Many Rohingya already seem to accept that they have been ethnically cleansed, and have no future in Myanmar, even if Naypyidaw and Dhaka eventually forge some real agreement on repatriation of Rohingya to Myanmar. (Dhaka and Naypyidaw reportedly have agreed on a memorandum of understanding about some kind of repatriation, but it is hard to imagine repatriation going forward while conditions for Rohingya inside Rakhine State are still so dire.) “The Rohingya are finished in our country,” Kyaw Min, a Rohingya man living in Yangon, told the New York Times in a story published over the weekend. “Soon we will all be dead or gone.”
In addition, although Pope Francis has said that he is a strong supporter of Myanmar’s democratic transition—and there is no reason to doubt that he indeed supports the transition—his decision to go along with commander-in-chief Min Aung Hlaing’s demand that the pontiff meet the top general before meeting civilian leader Aung San Suu Kyi is not helpful to the democratic process. (In the meeting, the general reportedly told the pope that there is “no religious discrimination” in Myanmar.) Min Aung Hlaing already has been bolstering his power, and the military’s popularity, through a series of high-profile visits to foreign countries and through the brutal campaign in Rakhine State. Getting the pope to meet him first sends another signal to the Myanmar populace that Min Aung Hlaing wields the power in Myanmar, and that foreign leaders should treat him as the country’s real ruler.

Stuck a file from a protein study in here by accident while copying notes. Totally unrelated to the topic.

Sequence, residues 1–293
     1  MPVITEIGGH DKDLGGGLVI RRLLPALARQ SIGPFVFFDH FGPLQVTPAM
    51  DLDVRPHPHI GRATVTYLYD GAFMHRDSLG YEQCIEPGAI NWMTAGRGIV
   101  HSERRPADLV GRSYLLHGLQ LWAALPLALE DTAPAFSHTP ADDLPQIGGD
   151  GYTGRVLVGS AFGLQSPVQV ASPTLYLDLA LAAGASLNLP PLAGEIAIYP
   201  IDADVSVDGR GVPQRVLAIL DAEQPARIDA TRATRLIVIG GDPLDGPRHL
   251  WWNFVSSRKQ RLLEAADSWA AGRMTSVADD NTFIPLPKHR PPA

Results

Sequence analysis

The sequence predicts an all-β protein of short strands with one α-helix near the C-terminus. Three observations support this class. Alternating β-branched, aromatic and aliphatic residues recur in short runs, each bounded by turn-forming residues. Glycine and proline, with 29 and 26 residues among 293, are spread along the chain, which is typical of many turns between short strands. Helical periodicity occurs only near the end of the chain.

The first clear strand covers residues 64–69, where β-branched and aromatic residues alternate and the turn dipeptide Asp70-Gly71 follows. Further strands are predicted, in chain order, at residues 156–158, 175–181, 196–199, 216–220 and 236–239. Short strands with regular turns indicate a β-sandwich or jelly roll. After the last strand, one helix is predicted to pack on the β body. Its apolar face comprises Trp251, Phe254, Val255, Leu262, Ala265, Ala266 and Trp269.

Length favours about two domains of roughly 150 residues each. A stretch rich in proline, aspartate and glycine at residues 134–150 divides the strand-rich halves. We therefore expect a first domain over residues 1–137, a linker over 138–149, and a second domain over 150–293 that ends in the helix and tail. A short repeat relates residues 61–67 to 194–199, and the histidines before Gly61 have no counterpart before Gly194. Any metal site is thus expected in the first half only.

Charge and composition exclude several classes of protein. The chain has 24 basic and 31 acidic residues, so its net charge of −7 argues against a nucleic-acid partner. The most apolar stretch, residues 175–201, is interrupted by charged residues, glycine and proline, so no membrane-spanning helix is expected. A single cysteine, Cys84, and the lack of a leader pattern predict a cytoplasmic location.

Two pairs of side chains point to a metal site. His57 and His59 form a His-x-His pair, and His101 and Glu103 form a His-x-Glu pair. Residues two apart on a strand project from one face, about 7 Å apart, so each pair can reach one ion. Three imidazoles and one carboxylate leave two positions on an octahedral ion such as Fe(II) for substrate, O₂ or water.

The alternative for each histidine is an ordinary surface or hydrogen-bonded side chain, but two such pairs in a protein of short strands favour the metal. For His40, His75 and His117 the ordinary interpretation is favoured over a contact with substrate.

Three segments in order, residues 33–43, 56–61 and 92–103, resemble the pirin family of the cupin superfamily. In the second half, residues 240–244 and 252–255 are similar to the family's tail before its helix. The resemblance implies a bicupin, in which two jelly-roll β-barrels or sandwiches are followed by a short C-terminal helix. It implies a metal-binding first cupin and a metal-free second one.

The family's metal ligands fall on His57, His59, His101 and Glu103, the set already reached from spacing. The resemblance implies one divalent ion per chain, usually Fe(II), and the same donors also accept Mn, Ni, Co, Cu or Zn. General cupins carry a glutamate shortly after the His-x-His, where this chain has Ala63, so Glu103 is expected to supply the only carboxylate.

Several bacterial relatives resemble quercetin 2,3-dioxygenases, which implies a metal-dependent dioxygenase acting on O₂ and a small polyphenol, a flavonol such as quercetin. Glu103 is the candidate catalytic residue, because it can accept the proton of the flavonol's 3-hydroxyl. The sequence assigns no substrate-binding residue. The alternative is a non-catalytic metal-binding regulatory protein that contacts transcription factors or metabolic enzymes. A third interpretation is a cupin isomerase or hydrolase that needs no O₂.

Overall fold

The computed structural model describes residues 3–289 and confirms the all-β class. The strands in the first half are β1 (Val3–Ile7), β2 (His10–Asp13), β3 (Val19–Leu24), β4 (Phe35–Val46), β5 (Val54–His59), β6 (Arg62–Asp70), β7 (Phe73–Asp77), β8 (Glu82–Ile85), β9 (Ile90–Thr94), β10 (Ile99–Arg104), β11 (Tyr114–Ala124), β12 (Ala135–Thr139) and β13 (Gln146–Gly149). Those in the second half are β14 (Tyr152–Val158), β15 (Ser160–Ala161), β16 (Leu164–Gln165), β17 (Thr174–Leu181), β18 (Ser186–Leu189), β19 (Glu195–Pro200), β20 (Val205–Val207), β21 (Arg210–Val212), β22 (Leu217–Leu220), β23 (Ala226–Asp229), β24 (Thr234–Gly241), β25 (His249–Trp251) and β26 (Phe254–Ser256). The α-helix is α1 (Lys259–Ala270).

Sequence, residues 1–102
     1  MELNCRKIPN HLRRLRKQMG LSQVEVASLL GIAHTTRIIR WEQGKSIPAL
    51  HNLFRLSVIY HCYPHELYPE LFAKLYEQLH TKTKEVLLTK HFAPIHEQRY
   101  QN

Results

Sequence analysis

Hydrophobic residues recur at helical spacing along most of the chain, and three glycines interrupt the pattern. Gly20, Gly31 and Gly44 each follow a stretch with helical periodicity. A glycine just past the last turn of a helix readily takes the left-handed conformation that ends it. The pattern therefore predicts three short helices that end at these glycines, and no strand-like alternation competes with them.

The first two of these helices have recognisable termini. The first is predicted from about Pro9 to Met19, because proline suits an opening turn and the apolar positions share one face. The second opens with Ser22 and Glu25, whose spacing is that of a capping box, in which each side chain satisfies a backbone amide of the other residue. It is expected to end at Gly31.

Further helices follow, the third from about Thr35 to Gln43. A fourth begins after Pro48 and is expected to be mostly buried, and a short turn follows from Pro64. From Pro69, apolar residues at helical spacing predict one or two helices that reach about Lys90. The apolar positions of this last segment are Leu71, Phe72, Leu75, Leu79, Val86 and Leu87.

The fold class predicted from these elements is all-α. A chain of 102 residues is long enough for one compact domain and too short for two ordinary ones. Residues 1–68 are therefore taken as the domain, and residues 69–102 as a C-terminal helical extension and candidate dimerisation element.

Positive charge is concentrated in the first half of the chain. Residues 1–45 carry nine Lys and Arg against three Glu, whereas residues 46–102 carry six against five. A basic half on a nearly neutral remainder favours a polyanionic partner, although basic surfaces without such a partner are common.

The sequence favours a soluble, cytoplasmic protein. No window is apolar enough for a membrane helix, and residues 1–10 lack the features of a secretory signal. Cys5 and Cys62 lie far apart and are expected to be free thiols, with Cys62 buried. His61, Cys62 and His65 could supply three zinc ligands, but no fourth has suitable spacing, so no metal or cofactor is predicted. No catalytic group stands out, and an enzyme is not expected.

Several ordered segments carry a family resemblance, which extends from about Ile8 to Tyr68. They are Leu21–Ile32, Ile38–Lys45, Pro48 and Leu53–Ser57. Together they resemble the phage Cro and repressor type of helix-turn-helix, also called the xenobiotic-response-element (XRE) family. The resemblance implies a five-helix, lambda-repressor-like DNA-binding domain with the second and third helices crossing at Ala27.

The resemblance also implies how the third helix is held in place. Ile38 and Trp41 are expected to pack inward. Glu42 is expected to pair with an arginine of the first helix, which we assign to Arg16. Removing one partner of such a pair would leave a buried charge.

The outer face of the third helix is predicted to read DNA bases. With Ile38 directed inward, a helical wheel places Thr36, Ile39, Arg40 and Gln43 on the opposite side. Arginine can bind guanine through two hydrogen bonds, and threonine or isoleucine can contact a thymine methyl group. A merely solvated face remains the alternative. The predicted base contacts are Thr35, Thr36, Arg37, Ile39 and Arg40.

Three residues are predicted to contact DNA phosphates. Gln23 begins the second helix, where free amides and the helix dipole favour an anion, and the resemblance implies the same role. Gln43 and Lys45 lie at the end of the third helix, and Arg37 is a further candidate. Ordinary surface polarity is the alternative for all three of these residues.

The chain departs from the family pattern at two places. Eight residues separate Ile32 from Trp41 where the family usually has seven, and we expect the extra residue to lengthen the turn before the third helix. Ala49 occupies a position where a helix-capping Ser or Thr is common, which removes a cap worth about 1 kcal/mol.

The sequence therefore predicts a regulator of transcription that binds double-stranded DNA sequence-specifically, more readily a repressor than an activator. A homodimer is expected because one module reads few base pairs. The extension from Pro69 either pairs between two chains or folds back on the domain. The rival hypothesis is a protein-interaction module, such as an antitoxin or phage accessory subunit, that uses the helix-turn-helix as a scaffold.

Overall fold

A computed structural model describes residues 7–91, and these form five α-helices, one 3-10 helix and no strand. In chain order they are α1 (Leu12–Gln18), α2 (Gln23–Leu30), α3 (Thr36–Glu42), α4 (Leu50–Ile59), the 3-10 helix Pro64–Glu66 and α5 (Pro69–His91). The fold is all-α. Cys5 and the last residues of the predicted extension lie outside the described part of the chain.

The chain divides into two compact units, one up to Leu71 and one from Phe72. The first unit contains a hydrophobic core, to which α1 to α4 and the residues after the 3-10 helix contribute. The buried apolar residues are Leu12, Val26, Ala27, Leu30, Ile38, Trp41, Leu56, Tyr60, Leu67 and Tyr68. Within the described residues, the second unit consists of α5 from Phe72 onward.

To be sure, on his return to Rome, the pope indicated to reporters that he did not see his meeting with the top Myanmar general as akin to his meeting with de facto civilian leader Aung San Suu Kyi, whom he had sought out and who he actually wanted to meet. In response to a question on his plane about his meeting with the top general, the pope noted:
I would distinguish between the two meetings, two types of meetings. Those meetings during which I went to meet people [i.e, with Suu Kyi] and those in which I received people. This general asked me to speak. And I received him. I never close the door.
Yet, few people in Myanmar will have read this press conference transcript, while many will have read or heard about Pope Francis meeting with Min Aung Hlaing and then, only later, with Aung San Suu Kyi.
The pope was his usual forthright self again with Rohingya refugees he met in Bangladesh. Again, he showed his humble, human touch by apologizing to the refugees for the “indifference of the world” to their plight and appearing to hold back tears hearing their stories.